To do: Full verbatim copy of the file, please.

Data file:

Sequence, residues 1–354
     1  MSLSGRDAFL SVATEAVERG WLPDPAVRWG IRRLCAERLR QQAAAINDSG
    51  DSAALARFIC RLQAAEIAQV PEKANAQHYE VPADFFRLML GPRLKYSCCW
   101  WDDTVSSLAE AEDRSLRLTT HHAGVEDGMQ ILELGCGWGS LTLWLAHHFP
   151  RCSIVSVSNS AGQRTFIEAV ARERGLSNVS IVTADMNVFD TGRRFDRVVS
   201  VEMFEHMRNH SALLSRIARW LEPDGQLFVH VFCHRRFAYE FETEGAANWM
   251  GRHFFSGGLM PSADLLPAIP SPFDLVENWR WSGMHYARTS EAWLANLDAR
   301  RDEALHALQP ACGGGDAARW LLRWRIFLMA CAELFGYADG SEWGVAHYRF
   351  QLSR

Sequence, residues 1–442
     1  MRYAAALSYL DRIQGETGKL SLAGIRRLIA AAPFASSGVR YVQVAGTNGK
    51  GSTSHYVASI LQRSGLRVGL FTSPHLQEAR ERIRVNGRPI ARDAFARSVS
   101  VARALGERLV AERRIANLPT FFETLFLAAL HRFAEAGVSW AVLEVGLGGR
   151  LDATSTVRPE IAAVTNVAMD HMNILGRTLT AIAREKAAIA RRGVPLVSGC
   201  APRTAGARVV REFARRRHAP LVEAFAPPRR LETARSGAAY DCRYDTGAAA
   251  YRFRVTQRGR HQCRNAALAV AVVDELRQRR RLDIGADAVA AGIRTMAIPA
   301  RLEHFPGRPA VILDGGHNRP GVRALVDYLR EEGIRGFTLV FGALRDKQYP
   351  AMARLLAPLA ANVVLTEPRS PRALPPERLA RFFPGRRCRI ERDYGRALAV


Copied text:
Sequence, residues 1–354
     1  MSLSGRDAFL SVATEAVERG WLPDPAVRWG IRRLCAERLR QQAAAINDSG
    51  DSAALARFIC RLQAAEIAQV PEKANAQHYE VPADFFRLML GPRLKYSCCW
   101  WDDTVSSLAE AEDRSLRLTT HHAGVEDGMQ ILELGCGWGS LTLWLAHHFP
   151  RCSIVSVSNS AGQRTFIEAV ARERGLSNVS IVTADMNVFD TGRRFDRVVS
   201  VEMFEHMRNH SALLSRIARW LEPDGQLFVH VFCHRRFAYE FETEGAANWM
   251  GRHFFSGGLM PSADLLPAIP SPFDLVENWR WSGMHYARTS EAWLANLDAR
   301  RDEALHALQP ACGGGDAARW LLRWRIFLMA CAELFGYADG SEWGVAHYRF
   351  QLSR

Sequence, residues 1–442
     1  MRYAAALSYL DRIQGETGKL SLAGIRRLIA AAPFASSGVR YVQVAGTNGK
    51  GSTSHYVASI LQRSGLRVGL FTSPHLQEAR ERIRVNGRPI ARDAFARSVS
   101  VARALGERLV AERRIANLPT FFETLFLAAL HRFAEAGVSW AVLEVGLGGR
   151  LDATSTVRPE IAAVTNVAMD HMNILGRTLT AIAREKAAIA RRGVPLVSGC
   201  APRTAGARVV REFARRRHAP LVEAFAPPRR LETARSGAAY DCRYDTGAAA
   251  YRFRVTQRGR HQCRNAALAV AVVDELRQRR RLDIGADAVA AGIRTMAIPA
   301  RLEHFPGRPA VILDGGHNRP GVRALVDYLR EEGIRGFTLV FGALRDKQYP
   351  AMARLLAPLA ANVVLTEPRS PRALPPERLA RFFPGRRCRI ERDYGRALAV